Ecosystem Services in Working Lands: US Northeast

Other direct incentive programs can work in tandem to assist with issues of financial viability, resource conservation, family succession, modernization of infrastructure, and other issues that may enhance the long-term continued use of the agricultural resource. • Voluntary financial and technical assistance . Run by the USDA Natural Resources Conservation Services (NRCS) Environmental Quality Incentives Program (EQIP) is voluntary and provides financial and technical assistance to agricultural producers for up to 10 years. These contracts provide assistance to help plan and implement conservation practices that address natural resource concerns to improve and conserve soil, water, plant, animal, air, and related resources on agricultural land and non-industrial private forestland. EQIP also helps producers meet federal, state, tribal, and local environmental regulations. • Combined assistance programs. In combination with EQIP, the Vermont EQIP Assist program, for example, is an opportunity for farmers with contracts through the NRCS’s EQIP program to receive additional cost-sharing on the practices implemented as part of these contracts. In addition, the Massachusetts APR Improvement Program (AIP) program provides business planning and technical assistance to commercial farms with land that has already been protected through the Massachusetts Department of Agricultural Resources Agricultural Preservation Restriction (APR) program. Land tenure is a central issue for the food and agricultural system in the U.S. Northeast, which has seen a decreasing agricultural land base and an increasing deed to improve land access to emerging or existing producers. • Selling publicly owned lands. USFWS/USDA FSA Inventory Property Disposal Program, which provides direct and guaranteed farm ownership and farm operating loans to farmers who are temporarily unable to obtain private, commercial credit. The FSA is sometimes able to obtain the title to real property when a borrower defaults on a loan secured by the property. Once it has a title, the FSA holds such properties in inventory until sale or other disposal. In Rhode Island, the state Farmland Access Program, which is currently in development, will allow the Department of Environmental Management (Division of Agriculture) to partner with the state’s Agricultural Land Preservation Commission to purchase farmland, protect it, and affordably sell it to farmers looking for land. • Leasing publicly owned lands. In Washington D.C., the Urban Farming Land Lease Program, run by the Department of Energy and the Environment (DOEE), offers select District-owned parcels across all 8 wards for lease to private entities to facilitate agriculture production. In addition to these in-cash direct incentive programs, there are a number of in-kind programs available in a number of states that provide direct links between producers and necessary resources, such as tools and equipment. Digital directories are available for farmers to • share or rent tools (e.g. Tool and Equipment Sharing & Rental Platform organized by Future Harvest-Chesapeake Alliance for Sustainable Agriculture in WV, DC, MD, DE); • find feed for livestock (e.g. organized by Maryland-Delaware Forage Council in MD and DE); • find employment (e.g. New Entry Sustainable Farming Project organizes a Farm Employment Directory in MA); and • find land (e.g. FarmLink in CT, ME). Farmer training across career stages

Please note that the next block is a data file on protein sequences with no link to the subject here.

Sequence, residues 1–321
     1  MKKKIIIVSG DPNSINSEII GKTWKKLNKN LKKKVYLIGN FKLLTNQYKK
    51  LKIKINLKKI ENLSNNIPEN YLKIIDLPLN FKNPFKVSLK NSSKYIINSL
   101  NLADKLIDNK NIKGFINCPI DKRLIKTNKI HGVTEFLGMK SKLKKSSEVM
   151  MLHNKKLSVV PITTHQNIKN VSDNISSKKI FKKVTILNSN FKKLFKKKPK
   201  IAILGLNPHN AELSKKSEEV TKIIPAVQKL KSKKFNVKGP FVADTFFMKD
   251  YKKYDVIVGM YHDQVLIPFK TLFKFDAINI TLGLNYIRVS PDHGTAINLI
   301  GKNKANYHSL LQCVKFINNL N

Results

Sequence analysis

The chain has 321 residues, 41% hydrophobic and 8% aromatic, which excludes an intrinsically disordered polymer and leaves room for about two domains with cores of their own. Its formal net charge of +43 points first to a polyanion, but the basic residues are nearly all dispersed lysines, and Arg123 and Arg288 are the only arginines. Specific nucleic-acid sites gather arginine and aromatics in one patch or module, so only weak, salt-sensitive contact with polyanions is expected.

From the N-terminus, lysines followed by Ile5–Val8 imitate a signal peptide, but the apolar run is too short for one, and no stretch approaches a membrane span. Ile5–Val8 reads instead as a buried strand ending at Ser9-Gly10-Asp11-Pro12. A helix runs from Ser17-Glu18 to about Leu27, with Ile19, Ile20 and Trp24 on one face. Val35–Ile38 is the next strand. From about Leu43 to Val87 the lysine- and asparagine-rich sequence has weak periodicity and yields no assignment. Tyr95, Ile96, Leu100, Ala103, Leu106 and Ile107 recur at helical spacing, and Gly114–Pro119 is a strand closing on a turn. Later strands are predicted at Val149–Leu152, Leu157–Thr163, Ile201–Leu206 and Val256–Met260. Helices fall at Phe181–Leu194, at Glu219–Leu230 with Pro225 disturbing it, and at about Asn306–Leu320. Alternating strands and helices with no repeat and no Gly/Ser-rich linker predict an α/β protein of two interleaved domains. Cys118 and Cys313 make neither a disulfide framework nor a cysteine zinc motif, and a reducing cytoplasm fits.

A number of programs provide professional development across the career span, from young and beginning farmers to long-term farmers.

• New farmer training programs. Particularly important for incentivizing young people into agriculture, these programs are run by state-level U.S. Northeast Organic Farmer Associations (NOFAs) as well as by the Cooperative Extension programs in each state. Various NOFAs also offer a


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